Saturday, June 23, 2012

Get Outta My Pants!

Isn't the notion odd that someone would dare forbid you the use of contraception?

The Catholic Church is claiming that President Obama's health care plan will force them to purchase and provide insurance that will offer medical features (contraception) which are against their faith. In so doing, this violates their rights to practice their faith.

I thought about this a bit. Maybe the Catholics have a good point. If their leaders think contraception is evil, they shouldn't be forced to purchase it or use it at their own free will.

But for all the ideals that their leadership attempts to unjustly impose, I think they cancel out their own point.

I noticed an organization named Amac who supports the Catholic Church's official stand against ObamaCare. They sent out a message to their members encouraging them to purchase arm bands and where them on certain days in order to vocalize their support of the Church. In that message, they quote and emphasize a potion of the First Amendment:

Congress shall make no law respecting an establishment of religion, or prohibiting the free exercise thereof

They really hone in on "prohibiting the free exercise thereof"-- which is extremely important, I must admit.

But, they seem to overlook the clause that balances out that statement-- which is also extremely important-- "Congress shall make no law respecting an establishment of religion".

Nope. No religious faith gets any special favors, attention, or exemptions by Congress when laws are made. The laws made shouldn't care what any establishment of religion thinks about them provided the free exercise of faith remain.

But don't get carried away. If the tenants of your faith include world domination, well . . . I don't think the Bill of Rights will cover that one . . .

That's why faith is a private thing . . . just like the inside of my pants.

Friday, June 22, 2012

Amazing Grace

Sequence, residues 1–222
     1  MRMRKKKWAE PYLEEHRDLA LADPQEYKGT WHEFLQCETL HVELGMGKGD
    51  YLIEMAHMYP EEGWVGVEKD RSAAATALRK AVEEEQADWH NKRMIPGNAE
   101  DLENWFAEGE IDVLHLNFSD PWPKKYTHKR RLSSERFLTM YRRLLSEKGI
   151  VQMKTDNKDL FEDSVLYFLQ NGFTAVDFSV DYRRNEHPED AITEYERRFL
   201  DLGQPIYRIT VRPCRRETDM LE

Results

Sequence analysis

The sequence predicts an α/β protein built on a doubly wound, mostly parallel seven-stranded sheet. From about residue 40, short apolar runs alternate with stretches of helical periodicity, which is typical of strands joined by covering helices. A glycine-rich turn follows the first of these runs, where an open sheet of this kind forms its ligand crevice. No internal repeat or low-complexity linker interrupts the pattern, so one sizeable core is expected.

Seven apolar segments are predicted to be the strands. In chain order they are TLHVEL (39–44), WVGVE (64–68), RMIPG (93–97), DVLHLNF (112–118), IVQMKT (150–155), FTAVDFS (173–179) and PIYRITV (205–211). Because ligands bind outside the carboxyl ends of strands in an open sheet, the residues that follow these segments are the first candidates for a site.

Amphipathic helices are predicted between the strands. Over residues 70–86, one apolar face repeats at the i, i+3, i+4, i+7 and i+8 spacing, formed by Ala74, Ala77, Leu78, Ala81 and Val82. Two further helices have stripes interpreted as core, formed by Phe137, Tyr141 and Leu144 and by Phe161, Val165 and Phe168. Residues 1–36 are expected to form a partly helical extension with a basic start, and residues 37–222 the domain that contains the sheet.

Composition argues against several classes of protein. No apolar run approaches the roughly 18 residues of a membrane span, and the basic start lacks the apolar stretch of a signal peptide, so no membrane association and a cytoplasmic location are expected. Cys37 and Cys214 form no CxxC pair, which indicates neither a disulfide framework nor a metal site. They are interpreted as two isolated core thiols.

The Southern Baptist Church has elected Rev. Fred Luter as it's first African American president. To me, this is amazing because I didn't even know the SBC had any African Americans members to begin with-- let alone, one to elect as it's president!

To their credit, the SBC has acknowledged that flirting with racism and the Confederacy was a mistake and they admit that racism shouldn't have any place in their congregations today. They want to change their image now and embrace diversity because their membership is currently on the decline.

I can't help but wonder, though . . .

When did African Americans start joining the SBC?

Is that when membership started to decline?

Is this a case of white flight?

OK. I'm sorry-- that was a bit tacky.

To be fair, SBC statistics suggest that the decline started happening before African Americans (and other minorities) started to attend SBC congregations. So, I don't think any so called "white flight" is going on just yet.

Isn't it interesting, though, that the decline of membership (and funds) jarred the SBC into finally realizing they needed to change their "unwelcoming" image?

I never thought I'd live to see an African American president. But this goes beyond that because I never even thought to consider an African American member of the SBC-- let alone a president!

My, how times are changing!

Just Keep on Waiting

I let my mom and mother-in-law guilt me into going to my old church this past Father's day. Deep down inside though, I think that's my last time going there; although, I haven't voiced this to my family, yet.

Certain elements of the pastor's message really irked me. For starters, he stated that the sort of people who want results before they can ever be convinced would have a hard time being Christians. Christians need faith, he asserted. And he defined faith as trusting and believing without any results or evidence. If you need evidence or results, Christianity isn't for you because you don't have faith-- that is, according to the pastor's sermon.

I was also bothered by how he constantly insinuated that Christians have happier marriages and home life. He frequently suggested that believers always had "blessings" following them while disobedient Christians and unsaved people would always have trouble as their constant companion. I particularly take issue with that idea. Having been Christian, I don't see that trouble has followed me now that I am atheist. In many ways, my life has become far easier. Yes, I still have problems . . . but that was true while living as a Christian, too.